It's been there a long time, so long in fact that it is a key part of Covington History. And to prove it, there's a museum accompanying the business, a museum with a fascinating array of photographs, artifacts, farm items, household items, and, well, you will just have to go see for yourself.
Below is an article about the history of the store, as published in the St. Tammany Farmer of July 4, 1976. Here is the text from that article:
Smith's Marks 100th Anniversary
July 4, 1976 by Ron Barthet
Covington bustled with commercial and trading activity in the 1870's. Farmers and timbermen hauled their goods down muddy Columbia street to the river landing on the Bogue Falaya and from there shipped it down to New-Orleans,
The St Tammany Farmer, began publication in 1874, and two years later, H J. Smith opened his general merchandise store at 308 Columbia street. That store celebrates its l00th anniversary this July 4, and it retains much of the same look it had that five score years ago.
The store and warehouse were built by Henry James Smith to serve cotton farmers and others with non-perishable crops He would extend them credit for groceries. seed and utensils and when the crop camp in, they would store their goods in his warehouse until the market was best, at which time he would roll them down m the river landing and sell them.
Smith's father had opened a hardware store in the next block closer to the river around 1849, shortly after he and his family, including 12 children, settled in the Covington area. H. J Smith expanded his store as the business grew, adding flooring to the rear and enclosing in a dock area. His sons, John Louis Smith Sr. and Julian H. Smith took over the business in the 1890's.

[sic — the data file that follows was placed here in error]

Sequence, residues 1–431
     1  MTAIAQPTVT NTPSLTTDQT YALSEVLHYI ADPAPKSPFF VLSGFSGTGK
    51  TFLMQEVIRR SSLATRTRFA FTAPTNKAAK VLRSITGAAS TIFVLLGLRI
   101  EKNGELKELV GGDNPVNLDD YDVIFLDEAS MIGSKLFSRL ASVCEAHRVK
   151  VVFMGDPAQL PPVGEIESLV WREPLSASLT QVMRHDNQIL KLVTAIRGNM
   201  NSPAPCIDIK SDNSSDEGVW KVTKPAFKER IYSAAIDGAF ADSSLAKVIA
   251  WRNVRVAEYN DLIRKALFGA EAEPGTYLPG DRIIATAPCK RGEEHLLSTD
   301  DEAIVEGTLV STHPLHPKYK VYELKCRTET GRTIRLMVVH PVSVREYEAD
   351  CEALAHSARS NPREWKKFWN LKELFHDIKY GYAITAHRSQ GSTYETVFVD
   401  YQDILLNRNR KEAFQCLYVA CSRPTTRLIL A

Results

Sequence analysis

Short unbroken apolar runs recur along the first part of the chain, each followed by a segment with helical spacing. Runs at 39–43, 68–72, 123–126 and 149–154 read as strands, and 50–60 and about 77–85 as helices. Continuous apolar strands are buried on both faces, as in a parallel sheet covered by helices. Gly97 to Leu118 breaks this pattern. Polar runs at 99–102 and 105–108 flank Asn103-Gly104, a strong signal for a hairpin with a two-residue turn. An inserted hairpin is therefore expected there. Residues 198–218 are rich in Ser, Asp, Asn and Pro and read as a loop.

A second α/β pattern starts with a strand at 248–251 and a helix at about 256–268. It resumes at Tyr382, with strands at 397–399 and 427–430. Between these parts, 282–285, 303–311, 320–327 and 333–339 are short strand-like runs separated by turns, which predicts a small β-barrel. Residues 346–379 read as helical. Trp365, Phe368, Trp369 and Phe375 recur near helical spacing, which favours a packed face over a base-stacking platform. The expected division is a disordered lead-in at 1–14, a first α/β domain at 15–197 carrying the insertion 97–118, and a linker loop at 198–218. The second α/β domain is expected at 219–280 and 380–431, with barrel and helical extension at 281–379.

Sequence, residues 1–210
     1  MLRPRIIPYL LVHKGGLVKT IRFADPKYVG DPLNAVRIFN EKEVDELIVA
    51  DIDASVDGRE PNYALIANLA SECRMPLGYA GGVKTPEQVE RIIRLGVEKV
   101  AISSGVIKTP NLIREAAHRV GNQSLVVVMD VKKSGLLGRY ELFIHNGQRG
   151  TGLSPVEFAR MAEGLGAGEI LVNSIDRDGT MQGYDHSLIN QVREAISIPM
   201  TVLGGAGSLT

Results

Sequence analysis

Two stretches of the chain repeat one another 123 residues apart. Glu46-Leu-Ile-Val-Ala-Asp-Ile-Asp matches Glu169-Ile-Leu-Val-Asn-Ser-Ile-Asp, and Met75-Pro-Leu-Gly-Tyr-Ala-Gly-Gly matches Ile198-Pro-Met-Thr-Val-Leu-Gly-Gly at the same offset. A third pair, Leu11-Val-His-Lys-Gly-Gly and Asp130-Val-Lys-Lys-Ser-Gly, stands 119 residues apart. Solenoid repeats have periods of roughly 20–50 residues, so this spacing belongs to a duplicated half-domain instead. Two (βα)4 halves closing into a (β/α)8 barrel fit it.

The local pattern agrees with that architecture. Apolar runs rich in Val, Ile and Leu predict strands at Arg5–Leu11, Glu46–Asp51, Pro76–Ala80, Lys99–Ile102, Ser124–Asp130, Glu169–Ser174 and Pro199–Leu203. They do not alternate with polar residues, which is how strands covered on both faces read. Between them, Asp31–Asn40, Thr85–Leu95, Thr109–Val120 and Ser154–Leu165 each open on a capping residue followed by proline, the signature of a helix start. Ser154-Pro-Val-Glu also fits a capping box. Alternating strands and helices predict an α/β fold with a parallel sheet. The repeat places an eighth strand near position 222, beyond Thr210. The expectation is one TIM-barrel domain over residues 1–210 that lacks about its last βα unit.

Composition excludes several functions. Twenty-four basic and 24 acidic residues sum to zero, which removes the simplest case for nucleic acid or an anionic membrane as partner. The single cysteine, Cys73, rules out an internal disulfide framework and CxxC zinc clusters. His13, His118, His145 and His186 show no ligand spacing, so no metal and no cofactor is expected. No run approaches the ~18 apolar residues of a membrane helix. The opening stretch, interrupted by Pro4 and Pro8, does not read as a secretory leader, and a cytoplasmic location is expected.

The present owner and operator is J. Louis Smith Jr He came into the business at the age of 12 around 1932. That was the year the store phased out the cotton brokerage and expanded into the building supply business.
In the early 1900's, the cotton crop began to fail, so the use of the warehouses to store cotton dwindled. In its heyday, the general merchandise the store offered included piece goods, canned goods, foodstuffs, hats, clothing and other household items.
Today it emphasizes wood stoves, kerosene lamps, building materials, hardware and various other hunting, government surplus and household items.
The wood-grained floors and quaint appearance of the store have stirred the hearts of historical preservationists, and two renovation projects considered by Smith have been abandoned after customer protests The store had been marked for condemnation by authorities, but it was saved by the pleas of those who felt it was too historical.
Since then, the walls and back rooms of the store have become probably the only living museum in the area. Smith has collected thousands of items of more than nostalgic interest: his display of old photographs has attracted a good bit of attention, also.
In one area, he has a complete set of old carpenter wood planes, originally owned by two German brothers who had come to the area. He has also taken in museum pieces from other collections which were in danger of being lost.